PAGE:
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Managing our behaviour – Lesson from a legendary IIM Ahmedabad marketing teacher!!

This week has been challenging for investors with constant flow of news about falling stock markets, raising crude oil prices, falling Indian Rupee and the stable interest rates etc. As reiterated last week by us here, 2018 continues to be volatile. The best thing for us to do as long-term investors, is to ignore the short-term noise and stay focused on the long-term goals.

While the logical part of our brain accepts the need to ignore short term signals, the emotional part is often in denial. This is wonderfully illustrated by Daniel Kahneman in his Nobel prize classic “Thinking Fast and Slow”. We are bombarded by news from social media, TV channels like CNBC, business newspapers, Whatsapp etc. How do we ignore all these short-term signals?

Today I would like to share a lesson from an IIM Ahmedabad professor. From personal experience, I can assure you that it is very useful. Harish Bhat, ex COO of Titan pays his tributes to his marketing guru – Prof Abhinandan Jain. Do read this moving note.

Prof Jain used to ask a simple question in class – “So?”It is the most powerful question we can ask!! Let us see why this is so relevant for us as Investors today.


Prof Jain was a teacher for 44 years at IIM Ahmedabad and he retired last month after guiding 40+ batches of CEO’s, IIM Directors in Marketing. One of his most powerful lessons was to teach students to think things through and not to be a “lazy thinker”.

The IIMs follow the case study methodology of teaching. The students would be given notes for a case study (e.g. how a company had to address a demand problem) prior to the class. The students are expected to read the case study and come prepared with their insights.

Typically, the class would be a discussion with inputs and views from students rather than a teacher reading out notes. The professor is more a facilitator who guides and shapes the thinking rather than reading out notes.

The Power of “So What?”

Whenever a student used to give an insight, Prof. Jain used to typically ask “So?”. I had a teacher from IIM Ahmedabad who used to ask a similar question, but he was more generous – he used to ask two words!! – “So What?” Whenever you are tempted to arrive at a conclusion based on a data point this will tempt you to think further towards a logical conclusion.

Let me give an example. Try applying this question to some of the news triggers

  • Media and research analysts have opposite views – Morgan Stanley says that the Sensex will go to 42,000by Sept 19 while Goldman Sachs downgradesIndian Equities – So What?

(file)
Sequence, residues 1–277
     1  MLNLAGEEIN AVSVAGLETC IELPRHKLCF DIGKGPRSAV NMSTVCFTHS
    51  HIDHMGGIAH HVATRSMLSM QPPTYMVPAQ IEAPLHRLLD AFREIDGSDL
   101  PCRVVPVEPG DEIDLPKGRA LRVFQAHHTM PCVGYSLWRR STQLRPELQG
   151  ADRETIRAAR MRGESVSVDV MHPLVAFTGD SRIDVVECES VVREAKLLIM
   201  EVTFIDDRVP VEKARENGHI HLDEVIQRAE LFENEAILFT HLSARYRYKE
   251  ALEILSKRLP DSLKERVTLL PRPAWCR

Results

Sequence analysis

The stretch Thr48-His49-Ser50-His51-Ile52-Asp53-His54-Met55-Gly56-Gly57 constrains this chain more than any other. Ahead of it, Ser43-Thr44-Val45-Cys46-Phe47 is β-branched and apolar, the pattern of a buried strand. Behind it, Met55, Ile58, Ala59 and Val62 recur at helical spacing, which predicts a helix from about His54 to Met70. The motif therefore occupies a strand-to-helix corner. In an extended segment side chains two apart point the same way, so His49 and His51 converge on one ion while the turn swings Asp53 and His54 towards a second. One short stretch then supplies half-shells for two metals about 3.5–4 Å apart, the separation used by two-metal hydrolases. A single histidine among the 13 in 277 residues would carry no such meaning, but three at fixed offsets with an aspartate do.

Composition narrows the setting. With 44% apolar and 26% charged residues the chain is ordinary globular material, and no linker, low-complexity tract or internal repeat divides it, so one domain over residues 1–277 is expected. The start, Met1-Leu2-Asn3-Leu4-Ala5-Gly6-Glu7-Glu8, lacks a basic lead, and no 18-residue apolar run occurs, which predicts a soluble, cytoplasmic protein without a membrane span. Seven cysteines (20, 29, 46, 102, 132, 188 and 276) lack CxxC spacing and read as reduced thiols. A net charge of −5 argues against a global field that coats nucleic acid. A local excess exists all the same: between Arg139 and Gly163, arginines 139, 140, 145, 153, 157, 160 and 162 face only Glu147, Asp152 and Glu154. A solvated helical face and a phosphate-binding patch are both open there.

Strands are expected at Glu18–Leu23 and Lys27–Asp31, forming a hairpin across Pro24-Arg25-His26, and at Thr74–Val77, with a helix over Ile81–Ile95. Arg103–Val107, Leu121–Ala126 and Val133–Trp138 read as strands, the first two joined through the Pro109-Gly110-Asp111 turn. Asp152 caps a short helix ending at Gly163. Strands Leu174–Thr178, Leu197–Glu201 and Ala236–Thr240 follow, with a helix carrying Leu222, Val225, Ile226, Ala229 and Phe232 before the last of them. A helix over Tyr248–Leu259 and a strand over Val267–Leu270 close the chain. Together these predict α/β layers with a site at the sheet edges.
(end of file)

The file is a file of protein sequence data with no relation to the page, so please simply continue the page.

• The markets have fallen 10% in Sept 18. I have a notional loss of X lakhs – So What?
  • Crude oil prices have increased 15 $ in the last quarter – So What?
  • Rupee has depreciated 15% in the last quarter – So What?

This “So What” question will help us to think deeper than just reacting to the market movements.

  • Have we not seen crude oil price raises and the falling Indian Rupee before?
  • Have we not seen deep market corrections before?
  • Have we not seen market recover from the lows?
  • Have we not seen the Indian companies weathering these kind of storms before?
  • Have we not seen the Indian companies grow their earnings over the last many years?

You will see that the logical chain of thoughts for each one of us should be as follows:

  • Equity investments are a way to achieve long term goals (children’s education, retirement etc.). These are typically many years away
  • Equity returns in the long run are driven by earnings growth of underlying stocks which are recovering and remain positive for Indian equities (look at below chart for trends)
  • Equity investing will always have periods of volatility, like we are having now. We need to endure that to earn above average returns
  • Continuing to invest in volatile times is rewarding and stopping investments now reduces your long-term returns.

 We appreciate your patience in continuing your regular investments.  In fact, this is the time for long term investments which will pay handsome dividends in the future.  We would reiterate the importance of remaining invested. The bouts of volatility will cease after some time and the markets will move up from the current levels.  But you should have remained invested in order to take advantage of the future price increases.  Do remember that this mature investor behavior will give you the edge over other investors who are redeeming in panic. Correction is temporary, growth is permanent!!

When in doubt, always ask the magic question – So What? and stay calm and continue to invest!!

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